Among the most popular categories mobile apps, medical apps have been a little controversial from the start because quackery and unsubstantiated claims can be hard to tell apart from serious apps. This fact caused the FDA to look into the matter, potentially with a goal of regulating which apps reached the public, much as it regulates other sources of medical data. The Agency has now said it will indeed step in and limit health apps—but only a few of them, under certain conditions.
In particular the Agency says it's going to pay the most attention to apps that perform a bit like traditional medical devices—such as those that connect to a peripheral to enable ultrasound scans or perform heart monitoring. This sort of app could potentially cause a risk to a patient, and that's what the FDA wants to prevent. Health apps like fitness step-counters won't be regulated.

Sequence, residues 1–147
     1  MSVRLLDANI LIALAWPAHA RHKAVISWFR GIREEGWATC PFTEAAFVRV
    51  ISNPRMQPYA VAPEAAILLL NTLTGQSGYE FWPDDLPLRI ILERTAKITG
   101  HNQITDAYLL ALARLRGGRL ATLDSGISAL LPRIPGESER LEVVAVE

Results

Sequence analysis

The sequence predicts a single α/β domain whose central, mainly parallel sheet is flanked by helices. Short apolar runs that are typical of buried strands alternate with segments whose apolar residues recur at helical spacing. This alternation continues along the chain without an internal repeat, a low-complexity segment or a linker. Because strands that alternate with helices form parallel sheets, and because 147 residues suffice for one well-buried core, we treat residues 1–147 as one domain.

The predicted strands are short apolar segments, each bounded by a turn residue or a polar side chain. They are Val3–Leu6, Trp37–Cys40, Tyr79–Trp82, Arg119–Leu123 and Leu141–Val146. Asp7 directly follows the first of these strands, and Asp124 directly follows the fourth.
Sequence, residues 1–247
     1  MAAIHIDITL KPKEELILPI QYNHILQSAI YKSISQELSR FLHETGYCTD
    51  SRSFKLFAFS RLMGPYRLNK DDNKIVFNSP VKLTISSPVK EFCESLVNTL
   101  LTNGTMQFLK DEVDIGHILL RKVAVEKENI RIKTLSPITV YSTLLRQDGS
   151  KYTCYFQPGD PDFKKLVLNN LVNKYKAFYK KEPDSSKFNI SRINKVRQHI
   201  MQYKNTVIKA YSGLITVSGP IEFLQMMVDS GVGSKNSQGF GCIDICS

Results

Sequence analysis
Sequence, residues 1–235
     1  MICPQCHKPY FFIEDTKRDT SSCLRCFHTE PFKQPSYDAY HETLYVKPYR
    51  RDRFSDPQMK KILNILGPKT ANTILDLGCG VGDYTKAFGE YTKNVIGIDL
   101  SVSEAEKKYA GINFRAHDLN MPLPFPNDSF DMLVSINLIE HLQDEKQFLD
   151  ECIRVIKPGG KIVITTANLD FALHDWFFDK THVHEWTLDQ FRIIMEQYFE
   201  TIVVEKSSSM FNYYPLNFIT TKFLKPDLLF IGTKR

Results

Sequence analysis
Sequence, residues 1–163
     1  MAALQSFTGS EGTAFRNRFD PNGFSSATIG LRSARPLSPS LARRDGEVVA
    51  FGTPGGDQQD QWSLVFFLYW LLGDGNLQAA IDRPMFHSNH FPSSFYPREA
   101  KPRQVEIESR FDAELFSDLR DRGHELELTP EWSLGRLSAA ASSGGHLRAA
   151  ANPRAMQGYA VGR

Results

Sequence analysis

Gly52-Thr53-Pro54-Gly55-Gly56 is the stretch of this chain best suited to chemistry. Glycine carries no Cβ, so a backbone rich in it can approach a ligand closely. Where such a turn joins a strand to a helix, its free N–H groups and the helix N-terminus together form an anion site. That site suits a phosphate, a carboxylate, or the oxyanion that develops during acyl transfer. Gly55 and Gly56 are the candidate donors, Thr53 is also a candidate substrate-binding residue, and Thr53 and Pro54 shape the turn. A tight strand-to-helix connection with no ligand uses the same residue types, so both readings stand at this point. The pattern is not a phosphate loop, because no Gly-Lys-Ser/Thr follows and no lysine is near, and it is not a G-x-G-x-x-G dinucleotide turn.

The FDA says it'll look at the apps case by case, and there's going to be no expensive clinical trial required even if the app does resemble a traditional medical device. When the iPhone and its kin arrived on the scene, one of its most promising and oft-ignored capabilities was interfacing with third party devices to either share information or sample the world in a clever way. Recently, thanks to efforts like the FitBit as part of the "quantified self" movement, the smartphone really is becoming more of a personal data "hub" than a mere communications device.
[Image via Flickr user: Jason Howie]